State so far this season. - -
Georsria Tech comes to North
Carolina with the highest sort of
rating in view of its amazing vic
tory over Duke in Atlanta last Sa
turday. 1 ,
The Yellow Jacket snouia m ev
en stronger this, coming Saturday
than they were last week, for three
of their regulars who were laid
off with injuries, including Cap
tain Leftv Eubanks tackle; John
Wilcox, guard; and Hoot Gibson,
end, will be back in the Teen line
up. : ' .
To date Carolina is unaeieatea
and untied, after having defeated
Wake Forest, Tennessee, Maryland
and Davidson. Naturally; the Tar
Heels will do their utmost to con
tinue their victory inarchv?
A capacity homecoming crowd
expected to witness the battle
royal and indications point to
wide-open, colorful, thrilling game.
The last time Coach Bill Alex
ander brought his proteges to Ca
rolina he returned with a 10-6 vie
tory. Coach Cart Snavely is work
tag hard this weels to get bis men
in shape to see that Mr. Alexander
does not repeat' this time.
With Tech injuries . improving
and Carolina injuries getting wor
se, the Tornado is given an even
chance against the Tar Heels.
Arrangements are being made
for a gala' and colorful Homecom
ing celebration In connection with
the gamev - , ,
The whole village will be decor
ated with festive streamers . and
bright placards in the Tar Heel
and Yellow Jacket colors welcom
ing the players and alumni of both
institutions. " .
Alumni' and the-other visitors
y-: i o
j. nut i
9 ( rn
. urt pre.
, b boys and t
i owing for t'
e Far li- t v.
Li B. Karri:!, cl
"f club exhiVi, a
) f.Jr, yirere t: e I "t
1 1 4-H club tteft.lwB
, rarrlll declared,
t'.iib display and the
rations by the. 4-H
P . re also on a Wsh
..lug the strong posi-
mr cultivated fields when winter tlon of c'. j work over tne &-ai-e.
nmes I Will they be neglected and and Dempsey Morrison, Ire-
left bare and subject to leaching Qgy boys, captured top ho-
When Winter Ccn:c3
GUY A. CARD WELL .
Agricultural A Industrial Agent
Atlantic Coast Line Railroad Co.
who win h the condition of
Ti a i
EiI:; uz-,,-3 Itcr.:3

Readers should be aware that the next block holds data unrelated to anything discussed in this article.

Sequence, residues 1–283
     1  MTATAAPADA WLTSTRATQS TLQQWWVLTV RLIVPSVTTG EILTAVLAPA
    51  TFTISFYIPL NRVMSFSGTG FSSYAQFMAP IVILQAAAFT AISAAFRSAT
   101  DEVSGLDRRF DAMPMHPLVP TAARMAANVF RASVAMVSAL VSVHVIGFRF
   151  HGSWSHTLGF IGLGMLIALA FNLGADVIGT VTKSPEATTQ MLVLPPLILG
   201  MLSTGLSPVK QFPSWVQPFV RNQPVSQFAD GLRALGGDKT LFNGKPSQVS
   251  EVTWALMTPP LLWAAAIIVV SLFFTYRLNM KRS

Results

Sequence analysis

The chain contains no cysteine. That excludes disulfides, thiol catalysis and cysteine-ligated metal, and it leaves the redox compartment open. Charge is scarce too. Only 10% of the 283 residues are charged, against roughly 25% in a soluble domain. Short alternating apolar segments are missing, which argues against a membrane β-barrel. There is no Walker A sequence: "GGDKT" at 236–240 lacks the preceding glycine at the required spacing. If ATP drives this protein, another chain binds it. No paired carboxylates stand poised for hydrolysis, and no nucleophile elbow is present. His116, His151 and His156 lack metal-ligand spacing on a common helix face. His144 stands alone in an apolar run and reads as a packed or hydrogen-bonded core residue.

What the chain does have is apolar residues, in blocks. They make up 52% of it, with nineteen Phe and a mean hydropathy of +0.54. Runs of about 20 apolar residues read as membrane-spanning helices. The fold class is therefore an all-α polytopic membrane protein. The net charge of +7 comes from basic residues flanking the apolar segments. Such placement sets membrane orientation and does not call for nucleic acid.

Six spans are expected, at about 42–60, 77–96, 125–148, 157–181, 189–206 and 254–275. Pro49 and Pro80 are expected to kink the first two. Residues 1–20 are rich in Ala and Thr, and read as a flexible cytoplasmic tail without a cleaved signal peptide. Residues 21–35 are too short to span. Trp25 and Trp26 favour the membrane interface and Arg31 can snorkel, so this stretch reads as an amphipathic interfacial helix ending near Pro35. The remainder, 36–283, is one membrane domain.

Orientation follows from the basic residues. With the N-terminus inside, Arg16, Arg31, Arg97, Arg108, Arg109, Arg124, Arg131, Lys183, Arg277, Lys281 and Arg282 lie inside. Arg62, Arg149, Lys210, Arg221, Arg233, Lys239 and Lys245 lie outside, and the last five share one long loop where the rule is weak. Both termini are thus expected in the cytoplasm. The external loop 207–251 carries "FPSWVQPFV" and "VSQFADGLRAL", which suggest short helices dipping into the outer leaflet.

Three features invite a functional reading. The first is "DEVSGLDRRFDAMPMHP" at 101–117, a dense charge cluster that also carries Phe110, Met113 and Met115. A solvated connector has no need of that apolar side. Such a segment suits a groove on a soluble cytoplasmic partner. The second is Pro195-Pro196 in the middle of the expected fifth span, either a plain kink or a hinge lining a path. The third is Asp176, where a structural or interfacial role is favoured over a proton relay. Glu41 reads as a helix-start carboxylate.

By cooperative action, ten Clay
county farmers filled their te.i
silos at a cost of 8 each by buy
ing silage cutter for $80 and
n automobile enrine for $10.
i i - t aa tVi p rhpp r- I
by winter rains or will they be pro- . Mlf club . had ever Btored
leciea by wuira-w, - . , nAnmAnr odar oaa
i i : . '
i C t . t I
i u: jt' "V, v . ; t
' - a f. r fie I t CD '
t enl tle b..-:.t etry of 1 j
i cf e y variety. l-lce Ha; ,
L e Ftiilear club, entered the
it e J-L-t.
I CAN S I
B -CAUSE t
! f 1
i r kv
:WiiJ Aniusul Collect.
ZSi Calves entered by theseboys J.
nil IWCUtTTW -. - -
Run fields are
and thev are a poor advertisement prizes in individual contests
for the t f arm ; ana tne . necuon,
while a covering of green in the
winter season is a thing of. beauty
and a toy to the observer; espec
ially to the stranger from tne iro-
zen regions. A'Jk 'vr
I have often attempted to anve
home the thought that the use of
a farm for five or six jnontns
operation during the year will not
yield sufficient income to support
the farm-family for twelve months
under modern living conditions.
We need more winter farming.
We need to grow two crops Where
we have been growing one. There
are many crops that can be grown
during the winter, some of which
will suit your particular case. Bur
Clover, Crimson Clover, - Austrian
Winter Peas, Vetch, Oats, Wheat,
Barley, and Rye all have a place
either singly or in '; commnauon,
and those farmers having flocks
of chickens and turkeys could well
afford to use Rape and Kale for
the poultry. Where hogs and sheep
are kept these animals should also
be furnished with green feed. This
can be done by sowing Rape, Rye
and Vetch, i '
' Regardless of present , govern
ment aid the farmer will eventual
ly have to work out bis own sal
vation; possibly not alone as in
the past , but as a member of a
group or class working together
intelligently and skillfully for the
well-being of the. rural population.
- To attain success the farm-fac-
C t .i
:: 'n r - 'J
. . lj v .''...m.", .. LJ v 4 4 v...j L.J - l 4k j .
-V'.. -;-Xv " - n TJ Tf"' w
- J ' r,
:s Grapes For Sale
I have plenty of Mack grapes
for sale. Anyone wanting any call